All jumbled up together.
Firstly, thanks so much for all your congratulations – I’m sorry I haven’t replied. It could take a while. I wanted to put in a post about what’s going on here while the big twin is sleeping.
Biggo is just gorgeous and a delight. The only source of stress regarding her is her reluctance to take my nipple as currrently it’s still empty. I did manage to express this morning 10cc, so it is on its way. I had to pump pretty hard though and the milk was sent down to SCBU where Smalls still is. I’m so excited for the moment when she first tastes it – it’s one of the reasons we have decided to stay on at the hospital an extra night.
It’s a very weird feeling to have this wonderful bundle of robust cuteness to hold, care for and smell, and to know her twin is unhappy, unfamiliar and locked away with the drs downstairs. It sort of curtails your feelings. You want to adore Biggo with all your heart, and you do- but her twin is missing, and we know nothing about her except that she cries lustily and can’t eat.
It makes me frightened of loving Biggo too much and then creating a difficult and unfair situation into which to eventually bring Smalls. I don’t feel an attachment to Smalls yet. That’s why, though we have taken loads of photos of Biggo, we don’t want to share so many. It feels like a betrayal of Smalls. It isn’t the whole picture.
All the stuff I have read is very clear about how premature / small babies need to feel their mother’s skin and smell. That’s not the prevailing view here, at least not in this hospital. The treatment here is very very good and not expensive, but there are very strict rules; one is that the SCU is only open for visitors between 2 and 4 pm. And even that does not allow you inside- you have to look through the window..! SCU don’t allow photos, of course. A very good friend of mine pointed out that there are several positive sides to this hospital’s way: 1) she is unlikely catch an infection; 2) she is under careful supervision and close to a doctor at all times; 3) the staff are free to do their jobs for the fragile lives in their care without having to endure an endless stream of terrified parents. This friend’s sister had an early baby in the UK who was ready to come home twice but succumbed to infection (due to all the permitted visitors), and only came back the third time he was strong enough.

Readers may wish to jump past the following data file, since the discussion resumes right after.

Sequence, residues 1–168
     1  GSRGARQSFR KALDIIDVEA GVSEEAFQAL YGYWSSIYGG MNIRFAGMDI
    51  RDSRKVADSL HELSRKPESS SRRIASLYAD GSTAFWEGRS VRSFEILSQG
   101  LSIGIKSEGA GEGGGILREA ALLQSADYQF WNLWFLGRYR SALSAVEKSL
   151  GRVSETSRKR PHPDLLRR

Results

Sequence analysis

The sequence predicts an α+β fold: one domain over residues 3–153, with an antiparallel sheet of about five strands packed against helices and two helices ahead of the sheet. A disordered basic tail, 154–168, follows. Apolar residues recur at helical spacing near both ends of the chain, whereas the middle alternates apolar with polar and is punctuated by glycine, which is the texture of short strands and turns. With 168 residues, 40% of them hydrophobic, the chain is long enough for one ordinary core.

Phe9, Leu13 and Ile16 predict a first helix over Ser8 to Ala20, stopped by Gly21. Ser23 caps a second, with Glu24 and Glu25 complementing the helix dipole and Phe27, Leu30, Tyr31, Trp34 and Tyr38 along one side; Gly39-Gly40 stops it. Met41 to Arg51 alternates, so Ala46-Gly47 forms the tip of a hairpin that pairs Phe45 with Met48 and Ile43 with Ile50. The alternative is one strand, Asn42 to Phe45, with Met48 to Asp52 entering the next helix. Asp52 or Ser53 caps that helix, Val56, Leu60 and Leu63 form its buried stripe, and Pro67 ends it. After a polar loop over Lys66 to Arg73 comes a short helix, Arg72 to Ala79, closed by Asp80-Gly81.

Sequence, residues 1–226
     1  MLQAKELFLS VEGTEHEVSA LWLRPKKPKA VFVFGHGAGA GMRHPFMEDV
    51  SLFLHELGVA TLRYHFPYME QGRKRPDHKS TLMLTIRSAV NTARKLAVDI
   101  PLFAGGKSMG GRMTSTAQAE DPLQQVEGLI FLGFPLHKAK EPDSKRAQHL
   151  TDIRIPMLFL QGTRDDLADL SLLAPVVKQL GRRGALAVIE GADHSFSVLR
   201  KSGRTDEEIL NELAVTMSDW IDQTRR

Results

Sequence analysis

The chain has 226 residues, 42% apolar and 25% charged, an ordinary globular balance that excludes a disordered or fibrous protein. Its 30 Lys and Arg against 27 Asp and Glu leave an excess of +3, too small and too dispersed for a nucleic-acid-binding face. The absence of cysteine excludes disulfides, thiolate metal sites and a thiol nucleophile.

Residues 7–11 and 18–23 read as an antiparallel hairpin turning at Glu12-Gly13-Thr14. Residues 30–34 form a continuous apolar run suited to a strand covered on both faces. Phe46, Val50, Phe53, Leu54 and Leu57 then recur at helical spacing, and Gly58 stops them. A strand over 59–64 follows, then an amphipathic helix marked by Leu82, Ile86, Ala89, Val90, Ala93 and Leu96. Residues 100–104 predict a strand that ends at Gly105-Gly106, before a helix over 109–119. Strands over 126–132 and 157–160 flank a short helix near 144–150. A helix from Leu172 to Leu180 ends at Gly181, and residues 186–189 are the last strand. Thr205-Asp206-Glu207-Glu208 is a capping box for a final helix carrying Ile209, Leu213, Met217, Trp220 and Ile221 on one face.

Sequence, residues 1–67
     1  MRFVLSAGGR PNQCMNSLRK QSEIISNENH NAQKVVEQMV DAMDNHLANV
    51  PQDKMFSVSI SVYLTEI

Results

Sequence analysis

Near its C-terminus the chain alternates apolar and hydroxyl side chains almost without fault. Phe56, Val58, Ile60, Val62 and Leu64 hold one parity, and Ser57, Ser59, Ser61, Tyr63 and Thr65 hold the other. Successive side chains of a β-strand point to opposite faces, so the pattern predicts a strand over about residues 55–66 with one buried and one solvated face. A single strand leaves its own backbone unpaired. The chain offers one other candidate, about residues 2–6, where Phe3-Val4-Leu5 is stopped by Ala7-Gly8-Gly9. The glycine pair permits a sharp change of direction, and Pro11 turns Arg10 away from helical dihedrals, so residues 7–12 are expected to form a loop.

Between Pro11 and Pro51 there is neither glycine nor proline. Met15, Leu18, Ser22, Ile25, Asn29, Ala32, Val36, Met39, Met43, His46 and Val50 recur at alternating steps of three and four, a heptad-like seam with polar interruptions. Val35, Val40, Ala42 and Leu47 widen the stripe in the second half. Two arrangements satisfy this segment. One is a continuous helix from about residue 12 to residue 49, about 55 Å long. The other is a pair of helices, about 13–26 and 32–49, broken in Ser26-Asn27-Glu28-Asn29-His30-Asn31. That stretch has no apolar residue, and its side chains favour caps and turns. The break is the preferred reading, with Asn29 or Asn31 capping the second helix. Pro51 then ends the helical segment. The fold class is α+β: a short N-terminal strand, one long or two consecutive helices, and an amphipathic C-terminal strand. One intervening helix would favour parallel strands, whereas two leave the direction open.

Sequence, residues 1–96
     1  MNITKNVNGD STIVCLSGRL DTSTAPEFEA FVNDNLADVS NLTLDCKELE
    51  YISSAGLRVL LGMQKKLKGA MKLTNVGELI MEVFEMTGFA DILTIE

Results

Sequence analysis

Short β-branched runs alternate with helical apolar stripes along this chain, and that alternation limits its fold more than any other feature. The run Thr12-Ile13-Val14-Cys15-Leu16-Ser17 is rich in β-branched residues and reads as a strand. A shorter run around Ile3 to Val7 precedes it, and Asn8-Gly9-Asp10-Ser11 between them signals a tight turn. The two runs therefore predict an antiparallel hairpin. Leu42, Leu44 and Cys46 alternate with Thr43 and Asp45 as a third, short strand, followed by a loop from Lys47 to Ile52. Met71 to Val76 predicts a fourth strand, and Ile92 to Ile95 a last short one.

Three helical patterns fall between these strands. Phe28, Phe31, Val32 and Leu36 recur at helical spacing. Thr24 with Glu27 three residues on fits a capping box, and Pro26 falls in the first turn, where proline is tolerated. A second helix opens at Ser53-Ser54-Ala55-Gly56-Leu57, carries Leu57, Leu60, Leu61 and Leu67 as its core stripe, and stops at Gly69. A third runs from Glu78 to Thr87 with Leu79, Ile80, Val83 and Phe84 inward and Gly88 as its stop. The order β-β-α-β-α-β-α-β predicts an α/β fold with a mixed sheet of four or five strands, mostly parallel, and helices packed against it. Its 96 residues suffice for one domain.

Smalls looks so different to Biggo and when I watch through the glass at her crying and crying, with a drip line in to feed her, it is heartbreaking. That’s why having some of my own milk to give her felt so good. I find myself thinking ugly thoughts, which make me ashamed- I wonder to myself if there is something developmentally wrong with her, which made her small in the womb and will continue to cause her problems. Is it awful to ask yourself those kinds of questions? We need to get to know each other. AW and I have accepted now that when we go home (probably on Christmas day tomo), that Smalls will be staying here. It could be for a week, or up to a month. I do think, from her lusty cries at birth and in the SCU, that she is a determined little thing, and she will fight to be with her mummies and her sister as soon as possible.
We have been assured that no news from SCU is good news. They were testing her for various conditions yesterday and so when the phone in our room went this morning, my heart jumped into my mouth thinking that they had found something. Thankfully it was just the nurse on our floor calling to say they wanted Biggo back for a check having spent her first night in with us.
Biggo is very good- she sleeps a LOT at the moment and is easily sated with milk.
Ah. Such is life’s rich tapestry. That’s where we’re at. I have to say that the staff here are very good. My AW is just unbelievable. She is helping me to be strong for our babies, and her strength, love and tenderness never cease to amaze me.
Love to all.